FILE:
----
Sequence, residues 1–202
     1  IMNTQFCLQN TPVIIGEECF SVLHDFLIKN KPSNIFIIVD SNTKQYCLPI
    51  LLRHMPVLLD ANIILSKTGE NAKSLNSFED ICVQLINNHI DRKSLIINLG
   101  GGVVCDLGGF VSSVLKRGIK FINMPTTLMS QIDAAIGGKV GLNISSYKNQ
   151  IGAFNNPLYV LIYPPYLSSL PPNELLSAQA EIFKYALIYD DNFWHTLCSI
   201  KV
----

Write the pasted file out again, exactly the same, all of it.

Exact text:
Sequence, residues 1–202
     1  IMNTQFCLQN TPVIIGEECF SVLHDFLIKN KPSNIFIIVD SNTKQYCLPI
    51  LLRHMPVLLD ANIILSKTGE NAKSLNSFED ICVQLINNHI DRKSLIINLG
   101  GGVVCDLGGF VSSVLKRGIK FINMPTTLMS QIDAAIGGKV GLNISSYKNQ
   151  IGAFNNPLYV LIYPPYLSSL PPNELLSAQA EIFKYALIYD DNFWHTLCSI
   201  KV